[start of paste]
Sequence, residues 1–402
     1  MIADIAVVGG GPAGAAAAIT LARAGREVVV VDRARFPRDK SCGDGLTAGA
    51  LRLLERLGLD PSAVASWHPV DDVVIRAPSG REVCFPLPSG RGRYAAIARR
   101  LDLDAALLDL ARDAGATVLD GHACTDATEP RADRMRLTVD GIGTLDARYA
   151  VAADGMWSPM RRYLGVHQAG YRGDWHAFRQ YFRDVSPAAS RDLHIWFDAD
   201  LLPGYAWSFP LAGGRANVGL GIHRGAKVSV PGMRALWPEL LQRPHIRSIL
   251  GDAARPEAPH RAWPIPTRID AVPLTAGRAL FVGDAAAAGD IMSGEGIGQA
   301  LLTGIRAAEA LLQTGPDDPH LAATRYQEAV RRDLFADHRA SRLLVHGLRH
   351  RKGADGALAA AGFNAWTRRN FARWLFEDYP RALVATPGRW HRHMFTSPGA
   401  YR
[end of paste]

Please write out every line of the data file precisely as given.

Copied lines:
Sequence, residues 1–402
     1  MIADIAVVGG GPAGAAAAIT LARAGREVVV VDRARFPRDK SCGDGLTAGA
    51  LRLLERLGLD PSAVASWHPV DDVVIRAPSG REVCFPLPSG RGRYAAIARR
   101  LDLDAALLDL ARDAGATVLD GHACTDATEP RADRMRLTVD GIGTLDARYA
   151  VAADGMWSPM RRYLGVHQAG YRGDWHAFRQ YFRDVSPAAS RDLHIWFDAD
   201  LLPGYAWSFP LAGGRANVGL GIHRGAKVSV PGMRALWPEL LQRPHIRSIL
   251  GDAARPEAPH RAWPIPTRID AVPLTAGRAL FVGDAAAAGD IMSGEGIGQA
   301  LLTGIRAAEA LLQTGPDDPH LAATRYQEAV RRDLFADHRA SRLLVHGLRH
   351  RKGADGALAA AGFNAWTRRN FARWLFEDYP RALVATPGRW HRHMFTSPGA
   401  YR